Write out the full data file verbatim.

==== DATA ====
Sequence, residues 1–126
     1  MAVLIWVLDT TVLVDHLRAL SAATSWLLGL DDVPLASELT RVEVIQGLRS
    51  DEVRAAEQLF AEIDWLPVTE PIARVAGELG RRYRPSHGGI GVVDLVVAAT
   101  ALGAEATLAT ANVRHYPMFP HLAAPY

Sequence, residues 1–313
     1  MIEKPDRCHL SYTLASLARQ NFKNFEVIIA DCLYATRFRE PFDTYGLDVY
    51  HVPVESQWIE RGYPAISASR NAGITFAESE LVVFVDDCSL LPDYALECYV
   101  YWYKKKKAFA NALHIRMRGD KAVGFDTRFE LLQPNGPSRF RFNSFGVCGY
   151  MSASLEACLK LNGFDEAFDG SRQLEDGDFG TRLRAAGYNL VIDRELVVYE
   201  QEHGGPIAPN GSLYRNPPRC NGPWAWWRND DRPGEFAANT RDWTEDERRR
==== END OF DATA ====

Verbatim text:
Sequence, residues 1–126
     1  MAVLIWVLDT TVLVDHLRAL SAATSWLLGL DDVPLASELT RVEVIQGLRS
    51  DEVRAAEQLF AEIDWLPVTE PIARVAGELG RRYRPSHGGI GVVDLVVAAT
   101  ALGAEATLAT ANVRHYPMFP HLAAPY

Sequence, residues 1–313
     1  MIEKPDRCHL SYTLASLARQ NFKNFEVIIA DCLYATRFRE PFDTYGLDVY
    51  HVPVESQWIE RGYPAISASR NAGITFAESE LVVFVDDCSL LPDYALECYV
   101  YWYKKKKAFA NALHIRMRGD KAVGFDTRFE LLQPNGPSRF RFNSFGVCGY
   151  MSASLEACLK LNGFDEAFDG SRQLEDGDFG TRLRAAGYNL VIDRELVVYE
   201  QEHGGPIAPN GSLYRNPPRC NGPWAWWRND DRPGEFAANT RDWTEDERRR